Like most traditional medicines, the user must know and respect mad honey, and use it sparingly. At normal doses, it’s entirely safe. However, if too much is eaten at once it can cause a number of unpleasant side effects, including weakness, dizziness, low blood pressure, nausea, and vomiting. But these are the exception, not the rule. A spoonful or two is all you need to enjoy the benefits.

Mad Honey Should Be Enjoyed, But it Also Must Be Protected

Currently, mad honey sells for the equivalent of $60 to $80 per pound on the Asian black market. This represents a six times premium over the cost of standard Nepali honey. As demand grows, these prices become too enticing for poachers to ignore.

The Himalayan bees that create mad honey enjoy no governmental protections. Up until now, the ruggedness of the terrain, and the difficult approach to the hives have kept all but the most devoted thieves away. But this is changing. Paths are being cut into the forests. Foreigners are coming in unchecked. And hives are being pilfered without regard for bee safety.

Some might ask why these interlopers don’t just plant their own fields of rhododendron and coax other bee populations into producing the prize they seek. They likely would, if they could, but the needed rhododendron species only grow in rugged, mountainous environments.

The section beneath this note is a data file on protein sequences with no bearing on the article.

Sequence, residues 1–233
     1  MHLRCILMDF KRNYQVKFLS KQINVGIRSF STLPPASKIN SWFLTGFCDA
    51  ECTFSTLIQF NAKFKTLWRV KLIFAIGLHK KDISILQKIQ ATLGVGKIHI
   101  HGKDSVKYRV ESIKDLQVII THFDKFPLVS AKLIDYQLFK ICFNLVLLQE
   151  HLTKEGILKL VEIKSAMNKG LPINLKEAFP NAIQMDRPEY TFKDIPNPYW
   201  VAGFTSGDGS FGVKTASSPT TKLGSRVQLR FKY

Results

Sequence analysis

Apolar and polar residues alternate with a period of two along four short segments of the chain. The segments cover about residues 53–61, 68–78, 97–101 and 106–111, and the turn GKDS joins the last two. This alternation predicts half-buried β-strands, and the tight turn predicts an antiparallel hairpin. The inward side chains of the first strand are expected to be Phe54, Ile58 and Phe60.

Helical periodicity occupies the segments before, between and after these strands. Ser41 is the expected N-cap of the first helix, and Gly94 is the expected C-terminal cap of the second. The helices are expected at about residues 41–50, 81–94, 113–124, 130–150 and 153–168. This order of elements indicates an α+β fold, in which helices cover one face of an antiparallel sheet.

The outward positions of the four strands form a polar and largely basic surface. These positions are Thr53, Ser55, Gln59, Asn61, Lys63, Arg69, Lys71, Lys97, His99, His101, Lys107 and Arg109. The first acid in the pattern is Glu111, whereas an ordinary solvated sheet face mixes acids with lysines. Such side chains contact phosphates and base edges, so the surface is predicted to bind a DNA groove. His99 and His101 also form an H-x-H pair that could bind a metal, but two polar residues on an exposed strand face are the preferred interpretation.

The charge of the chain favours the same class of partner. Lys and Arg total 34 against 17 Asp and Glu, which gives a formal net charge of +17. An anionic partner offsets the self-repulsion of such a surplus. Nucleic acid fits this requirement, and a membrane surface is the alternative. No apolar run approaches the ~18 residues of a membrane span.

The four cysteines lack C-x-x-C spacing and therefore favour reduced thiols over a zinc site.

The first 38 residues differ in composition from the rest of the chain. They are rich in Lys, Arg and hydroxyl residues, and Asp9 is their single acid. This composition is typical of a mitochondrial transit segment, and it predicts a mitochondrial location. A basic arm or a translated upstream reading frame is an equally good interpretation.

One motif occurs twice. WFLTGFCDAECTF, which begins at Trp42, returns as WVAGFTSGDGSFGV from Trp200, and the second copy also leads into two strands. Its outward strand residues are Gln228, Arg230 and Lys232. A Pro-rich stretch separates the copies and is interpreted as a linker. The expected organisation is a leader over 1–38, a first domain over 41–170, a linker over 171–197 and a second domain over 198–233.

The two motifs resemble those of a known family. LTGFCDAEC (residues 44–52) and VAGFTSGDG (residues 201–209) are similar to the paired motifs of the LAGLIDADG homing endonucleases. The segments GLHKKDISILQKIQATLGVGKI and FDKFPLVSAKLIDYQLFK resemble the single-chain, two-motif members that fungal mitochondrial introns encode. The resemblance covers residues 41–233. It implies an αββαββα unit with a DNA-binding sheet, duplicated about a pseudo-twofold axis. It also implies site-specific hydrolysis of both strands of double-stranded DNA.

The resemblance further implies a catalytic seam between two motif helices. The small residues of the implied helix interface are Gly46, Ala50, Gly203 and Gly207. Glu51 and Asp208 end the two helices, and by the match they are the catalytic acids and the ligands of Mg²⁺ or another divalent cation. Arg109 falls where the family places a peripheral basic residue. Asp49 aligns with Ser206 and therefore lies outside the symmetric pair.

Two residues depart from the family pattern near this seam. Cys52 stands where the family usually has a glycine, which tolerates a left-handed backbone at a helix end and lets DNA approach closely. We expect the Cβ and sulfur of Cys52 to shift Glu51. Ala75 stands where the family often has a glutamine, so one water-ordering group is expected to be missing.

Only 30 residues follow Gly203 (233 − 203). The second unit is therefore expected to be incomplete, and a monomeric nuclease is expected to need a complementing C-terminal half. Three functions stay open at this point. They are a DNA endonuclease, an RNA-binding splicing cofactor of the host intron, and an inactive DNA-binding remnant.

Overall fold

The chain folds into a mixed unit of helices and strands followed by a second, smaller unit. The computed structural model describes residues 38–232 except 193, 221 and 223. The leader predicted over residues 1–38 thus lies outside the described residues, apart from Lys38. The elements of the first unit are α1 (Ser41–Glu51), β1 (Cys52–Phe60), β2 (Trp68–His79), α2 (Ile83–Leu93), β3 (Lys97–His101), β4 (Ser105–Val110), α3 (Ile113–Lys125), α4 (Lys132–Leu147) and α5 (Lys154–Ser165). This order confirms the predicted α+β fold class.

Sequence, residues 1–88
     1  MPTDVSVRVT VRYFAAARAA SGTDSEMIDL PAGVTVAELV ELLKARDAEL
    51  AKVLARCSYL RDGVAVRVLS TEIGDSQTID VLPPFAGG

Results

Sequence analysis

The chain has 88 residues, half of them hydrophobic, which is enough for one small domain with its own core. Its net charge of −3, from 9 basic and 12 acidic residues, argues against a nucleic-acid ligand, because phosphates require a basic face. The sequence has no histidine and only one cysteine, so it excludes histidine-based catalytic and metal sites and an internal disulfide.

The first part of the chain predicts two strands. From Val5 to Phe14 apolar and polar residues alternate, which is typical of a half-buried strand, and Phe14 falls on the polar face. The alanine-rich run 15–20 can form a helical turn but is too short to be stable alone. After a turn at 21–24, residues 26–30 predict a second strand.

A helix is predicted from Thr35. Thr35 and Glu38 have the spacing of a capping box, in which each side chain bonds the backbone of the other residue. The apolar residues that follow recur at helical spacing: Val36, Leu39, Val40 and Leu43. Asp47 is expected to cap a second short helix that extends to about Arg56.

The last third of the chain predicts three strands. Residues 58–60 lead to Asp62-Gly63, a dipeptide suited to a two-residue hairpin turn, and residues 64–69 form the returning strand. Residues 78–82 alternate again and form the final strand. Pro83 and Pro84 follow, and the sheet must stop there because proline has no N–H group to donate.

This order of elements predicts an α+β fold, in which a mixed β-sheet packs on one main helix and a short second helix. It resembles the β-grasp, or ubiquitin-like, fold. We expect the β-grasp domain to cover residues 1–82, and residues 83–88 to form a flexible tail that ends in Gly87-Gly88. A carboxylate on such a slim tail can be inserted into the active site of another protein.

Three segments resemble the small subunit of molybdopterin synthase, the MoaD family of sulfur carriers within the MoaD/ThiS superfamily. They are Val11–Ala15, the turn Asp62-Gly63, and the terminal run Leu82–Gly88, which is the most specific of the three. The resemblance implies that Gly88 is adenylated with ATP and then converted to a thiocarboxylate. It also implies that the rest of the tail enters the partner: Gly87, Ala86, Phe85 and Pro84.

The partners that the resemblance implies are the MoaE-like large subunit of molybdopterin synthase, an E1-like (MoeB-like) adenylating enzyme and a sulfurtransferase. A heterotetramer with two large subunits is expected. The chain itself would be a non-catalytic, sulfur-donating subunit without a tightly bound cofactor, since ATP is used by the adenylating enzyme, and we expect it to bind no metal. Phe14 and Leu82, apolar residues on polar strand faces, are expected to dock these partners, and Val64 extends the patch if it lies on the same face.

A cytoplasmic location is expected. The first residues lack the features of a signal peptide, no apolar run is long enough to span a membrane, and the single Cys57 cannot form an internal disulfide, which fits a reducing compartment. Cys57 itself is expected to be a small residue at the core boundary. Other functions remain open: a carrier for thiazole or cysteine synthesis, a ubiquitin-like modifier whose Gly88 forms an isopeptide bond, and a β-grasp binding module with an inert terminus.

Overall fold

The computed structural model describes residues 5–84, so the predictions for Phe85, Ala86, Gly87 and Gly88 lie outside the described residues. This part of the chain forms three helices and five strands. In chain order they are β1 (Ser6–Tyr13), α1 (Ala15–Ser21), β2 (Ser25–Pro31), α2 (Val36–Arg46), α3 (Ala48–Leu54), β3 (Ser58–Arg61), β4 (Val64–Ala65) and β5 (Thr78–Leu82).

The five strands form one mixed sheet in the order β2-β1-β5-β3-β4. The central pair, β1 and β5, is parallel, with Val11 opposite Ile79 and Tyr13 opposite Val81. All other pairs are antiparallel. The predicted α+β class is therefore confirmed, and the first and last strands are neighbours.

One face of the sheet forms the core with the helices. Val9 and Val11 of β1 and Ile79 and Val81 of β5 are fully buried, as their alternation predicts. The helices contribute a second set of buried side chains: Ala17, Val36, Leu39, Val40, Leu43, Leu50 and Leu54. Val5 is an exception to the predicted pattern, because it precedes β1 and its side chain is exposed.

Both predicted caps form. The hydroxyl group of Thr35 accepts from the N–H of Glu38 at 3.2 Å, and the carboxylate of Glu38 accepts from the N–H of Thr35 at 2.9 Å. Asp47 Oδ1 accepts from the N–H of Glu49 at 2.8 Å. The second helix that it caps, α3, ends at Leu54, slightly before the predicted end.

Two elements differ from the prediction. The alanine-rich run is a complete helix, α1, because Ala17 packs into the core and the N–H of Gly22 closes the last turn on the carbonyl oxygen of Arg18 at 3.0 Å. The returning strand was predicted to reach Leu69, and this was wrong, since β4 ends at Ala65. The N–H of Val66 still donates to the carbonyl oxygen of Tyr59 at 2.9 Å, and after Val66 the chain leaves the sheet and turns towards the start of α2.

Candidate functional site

So why not infuse regular honey with grayanotoxins distilled in a lab? It’s simply not the same. Rhododendrons give rise to up to 25 different grayanotoxins, in varying quantities. As the bees process the nectar into honey, these compounds are naturally and organically infused. Trying to recreate this in the lab is exceedingly difficult, and the result doesn’t compare to the real thing.

It’s therefore critical that we protect the delicate balance between flower and bee, and protect the hives that have produced mad honey for thousands of years.

Responsible, Sustainable Harvesting is Critical

The Gurung and the bees are willing to share. They ask only that harvesting is left to those that understand how to do it sustainably. They ask that their traditions are honored and that the agreement they made with the guardian spirit of the bees is kept intact.

We source our mad honey only from local harvesters steeped in the ancient traditions. The healing properties of this special honey are now available to everyone, and with proper stewardship, will continue to be.

Our goal is to bring responsibly-sourced mad honey products to the world so that there’s no need for a black market. Without illicit demand, the poachers will move on and the hives will be protected.

Mad honey is a treasure worth protecting. The Gurung know it. Their death-defying harvests are a testament to the substance’s value. We can only hope that they’re allowed to keep their vigil through the centuries to come. It would be a loss of inestimable depth if the bees of the Himalayas were ever driven to extinction.